As of 2019 estimates from the U.S. Department of Agriculture, there are around 8,140 farmers markets in the United States.
The local food movement
In Oxford, farmers, bakers, brewers, food producers and artisans gather to offer residents and students a variety of produce Saturday mornings year-round from 9 a.m. to noon in the parking lot just north of Memorial Park.
All vendors live within 50 miles, many closer than that, Olson said. They are required to make, bake and grow the products themselves.
“It’s like an oasis in the middle of a food desert,” said Market Chef Steve Townsend, known to locals as ‘Chef Soupy.’
Townsend, a dedicated chef who organizes cooking demonstrations for community members at the market, moved to Oxford in 2006 and loves its small-town charm. He helps the community by sharing his passion for cooking with fresh produce and educates people about the environment.
“I come and get lettuce because I know it’s straight from the garden as of yesterday,” Sue Holmes, a regular customer for over 20 years, said.
Other market customers similarly appreciate the variety of produce.
“I always come here to see if I find something that I can’t find elsewhere,” Deborah Lyons, a semi-regular customer and MOON member, said.
She would consider buying more if it were cheaper, but that’s not her main concern, she said.
“[I don’t mind] spending a little extra on some nice bread,” Lyons said.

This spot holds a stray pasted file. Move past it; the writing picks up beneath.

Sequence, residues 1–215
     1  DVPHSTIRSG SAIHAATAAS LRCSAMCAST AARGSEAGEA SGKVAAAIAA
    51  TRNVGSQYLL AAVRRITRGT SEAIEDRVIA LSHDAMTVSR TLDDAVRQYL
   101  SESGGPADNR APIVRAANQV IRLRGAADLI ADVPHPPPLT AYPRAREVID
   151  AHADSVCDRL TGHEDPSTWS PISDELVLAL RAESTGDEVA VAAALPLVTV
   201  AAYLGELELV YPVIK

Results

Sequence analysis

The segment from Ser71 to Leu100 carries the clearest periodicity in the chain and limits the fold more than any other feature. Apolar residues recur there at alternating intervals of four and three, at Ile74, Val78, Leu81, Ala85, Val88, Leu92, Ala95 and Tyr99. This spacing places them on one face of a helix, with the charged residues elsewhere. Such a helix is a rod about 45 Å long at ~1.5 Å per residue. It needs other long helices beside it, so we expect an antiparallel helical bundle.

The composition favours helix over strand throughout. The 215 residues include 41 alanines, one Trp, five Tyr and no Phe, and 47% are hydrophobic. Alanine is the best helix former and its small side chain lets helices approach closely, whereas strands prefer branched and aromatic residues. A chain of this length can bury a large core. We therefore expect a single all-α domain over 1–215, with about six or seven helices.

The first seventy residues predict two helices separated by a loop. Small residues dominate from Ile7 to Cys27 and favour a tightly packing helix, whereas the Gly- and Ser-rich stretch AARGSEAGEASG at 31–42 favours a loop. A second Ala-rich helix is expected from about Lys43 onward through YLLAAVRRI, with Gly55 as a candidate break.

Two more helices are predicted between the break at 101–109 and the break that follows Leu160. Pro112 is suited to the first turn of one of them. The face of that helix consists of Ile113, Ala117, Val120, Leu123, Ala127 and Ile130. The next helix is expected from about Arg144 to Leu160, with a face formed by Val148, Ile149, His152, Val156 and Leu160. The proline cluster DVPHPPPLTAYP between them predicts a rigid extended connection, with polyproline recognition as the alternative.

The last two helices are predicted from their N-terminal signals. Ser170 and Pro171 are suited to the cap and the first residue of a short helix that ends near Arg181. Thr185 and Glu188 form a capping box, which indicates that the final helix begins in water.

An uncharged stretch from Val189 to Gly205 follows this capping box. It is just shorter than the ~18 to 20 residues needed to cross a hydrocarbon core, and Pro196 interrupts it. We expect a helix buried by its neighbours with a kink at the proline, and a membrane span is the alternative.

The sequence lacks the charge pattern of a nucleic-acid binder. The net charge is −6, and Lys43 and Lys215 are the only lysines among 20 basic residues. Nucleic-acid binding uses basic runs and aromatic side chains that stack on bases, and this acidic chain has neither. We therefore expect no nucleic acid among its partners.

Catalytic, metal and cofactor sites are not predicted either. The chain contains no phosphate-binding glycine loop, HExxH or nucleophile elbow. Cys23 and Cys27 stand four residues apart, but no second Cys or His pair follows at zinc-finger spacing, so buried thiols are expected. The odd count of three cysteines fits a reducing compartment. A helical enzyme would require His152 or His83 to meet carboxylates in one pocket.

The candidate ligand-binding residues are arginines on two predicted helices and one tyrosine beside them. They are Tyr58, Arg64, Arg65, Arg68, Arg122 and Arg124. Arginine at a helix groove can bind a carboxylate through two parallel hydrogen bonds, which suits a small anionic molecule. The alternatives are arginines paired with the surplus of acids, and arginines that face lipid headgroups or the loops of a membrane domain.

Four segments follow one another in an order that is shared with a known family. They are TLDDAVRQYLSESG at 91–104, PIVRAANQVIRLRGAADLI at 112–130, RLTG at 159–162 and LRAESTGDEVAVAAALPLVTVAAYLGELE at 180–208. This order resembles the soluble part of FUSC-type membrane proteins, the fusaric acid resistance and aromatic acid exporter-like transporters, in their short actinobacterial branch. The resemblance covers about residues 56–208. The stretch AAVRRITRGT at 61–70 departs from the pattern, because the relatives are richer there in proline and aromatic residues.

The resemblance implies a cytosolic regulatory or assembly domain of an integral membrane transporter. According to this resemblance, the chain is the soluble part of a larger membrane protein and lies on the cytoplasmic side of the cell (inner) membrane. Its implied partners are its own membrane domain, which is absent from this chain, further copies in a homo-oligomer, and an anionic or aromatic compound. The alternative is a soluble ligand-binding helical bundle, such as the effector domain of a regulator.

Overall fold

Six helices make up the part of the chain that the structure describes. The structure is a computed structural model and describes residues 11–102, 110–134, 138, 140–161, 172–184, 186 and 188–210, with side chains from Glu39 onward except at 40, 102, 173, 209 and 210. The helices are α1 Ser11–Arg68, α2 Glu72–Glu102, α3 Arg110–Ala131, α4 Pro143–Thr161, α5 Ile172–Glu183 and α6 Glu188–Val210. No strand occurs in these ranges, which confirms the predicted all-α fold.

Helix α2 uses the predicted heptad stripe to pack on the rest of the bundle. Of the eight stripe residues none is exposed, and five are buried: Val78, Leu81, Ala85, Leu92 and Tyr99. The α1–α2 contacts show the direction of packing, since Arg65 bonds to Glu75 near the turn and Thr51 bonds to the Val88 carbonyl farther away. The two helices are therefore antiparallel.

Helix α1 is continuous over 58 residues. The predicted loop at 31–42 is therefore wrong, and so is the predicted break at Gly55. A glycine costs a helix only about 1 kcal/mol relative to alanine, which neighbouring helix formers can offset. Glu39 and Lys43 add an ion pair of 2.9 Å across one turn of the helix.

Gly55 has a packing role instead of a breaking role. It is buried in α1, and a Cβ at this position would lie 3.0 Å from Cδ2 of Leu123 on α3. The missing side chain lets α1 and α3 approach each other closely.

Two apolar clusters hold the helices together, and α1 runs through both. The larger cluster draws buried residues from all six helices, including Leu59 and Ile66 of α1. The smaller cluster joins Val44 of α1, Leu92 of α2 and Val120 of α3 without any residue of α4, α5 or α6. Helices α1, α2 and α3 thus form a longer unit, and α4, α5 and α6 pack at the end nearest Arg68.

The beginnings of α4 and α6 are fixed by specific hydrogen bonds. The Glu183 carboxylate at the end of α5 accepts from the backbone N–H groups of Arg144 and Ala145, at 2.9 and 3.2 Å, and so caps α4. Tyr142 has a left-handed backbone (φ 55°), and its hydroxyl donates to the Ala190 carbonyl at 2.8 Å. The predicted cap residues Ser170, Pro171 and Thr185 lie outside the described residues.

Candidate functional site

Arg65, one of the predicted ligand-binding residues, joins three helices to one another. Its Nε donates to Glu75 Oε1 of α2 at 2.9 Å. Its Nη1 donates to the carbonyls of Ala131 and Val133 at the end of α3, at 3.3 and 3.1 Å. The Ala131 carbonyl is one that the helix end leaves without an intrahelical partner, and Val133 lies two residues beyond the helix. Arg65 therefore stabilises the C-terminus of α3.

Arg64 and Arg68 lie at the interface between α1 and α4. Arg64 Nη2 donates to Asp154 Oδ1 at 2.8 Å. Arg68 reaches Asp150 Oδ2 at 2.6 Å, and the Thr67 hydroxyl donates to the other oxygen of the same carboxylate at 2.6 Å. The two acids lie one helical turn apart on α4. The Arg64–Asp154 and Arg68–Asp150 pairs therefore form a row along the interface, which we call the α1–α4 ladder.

Many attendees describe Oxford’s farmers market as a friendly and welcoming environment.
“I love the vibe,” said Dharti Patel, a resin and acrylic artist at the market. “It’s like home. I made so many connections at this place; I keep coming back.”
28-year-old Patel considers herself a local and buys almost all of her groceries at the market, as she prefers fresh and organic produce from local farmers.
Knowing where food comes from is also important to 24-year-old Alexis Gentry, who graduated from Miami in 2019 and lives with her husband in Oxford.
Gentry owns 59 chickens and sells eggs to family members, friends and a few regular customers. Her eggs have been in high demand ever since she posted about her chickens in the Oxford Talk Facebook group.
“The chickens are so much happier being at a local setting because sometimes they are kept in cages … and they don’t really get the free range,” Gentry said.